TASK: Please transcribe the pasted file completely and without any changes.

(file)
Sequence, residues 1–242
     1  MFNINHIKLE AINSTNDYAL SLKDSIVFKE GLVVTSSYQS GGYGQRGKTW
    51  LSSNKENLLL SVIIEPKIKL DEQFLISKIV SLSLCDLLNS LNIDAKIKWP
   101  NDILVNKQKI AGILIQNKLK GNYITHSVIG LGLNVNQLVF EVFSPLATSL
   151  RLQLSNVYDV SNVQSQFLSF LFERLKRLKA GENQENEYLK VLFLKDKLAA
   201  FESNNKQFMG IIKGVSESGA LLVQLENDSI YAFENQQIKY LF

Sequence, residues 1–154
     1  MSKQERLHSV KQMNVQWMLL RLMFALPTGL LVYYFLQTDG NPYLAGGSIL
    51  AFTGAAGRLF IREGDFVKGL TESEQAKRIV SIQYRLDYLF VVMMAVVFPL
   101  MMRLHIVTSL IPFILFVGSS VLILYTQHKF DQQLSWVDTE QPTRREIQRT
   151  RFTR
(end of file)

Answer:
Sequence, residues 1–242
     1  MFNINHIKLE AINSTNDYAL SLKDSIVFKE GLVVTSSYQS GGYGQRGKTW
    51  LSSNKENLLL SVIIEPKIKL DEQFLISKIV SLSLCDLLNS LNIDAKIKWP
   101  NDILVNKQKI AGILIQNKLK GNYITHSVIG LGLNVNQLVF EVFSPLATSL
   151  RLQLSNVYDV SNVQSQFLSF LFERLKRLKA GENQENEYLK VLFLKDKLAA
   201  FESNNKQFMG IIKGVSESGA LLVQLENDSI YAFENQQIKY LF

Sequence, residues 1–154
     1  MSKQERLHSV KQMNVQWMLL RLMFALPTGL LVYYFLQTDG NPYLAGGSIL
    51  AFTGAAGRLF IREGDFVKGL TESEQAKRIV SIQYRLDYLF VVMMAVVFPL
   101  MMRLHIVTSL IPFILFVGSS VLILYTQHKF DQQLSWVDTE QPTRREIQRT
   151  RFTR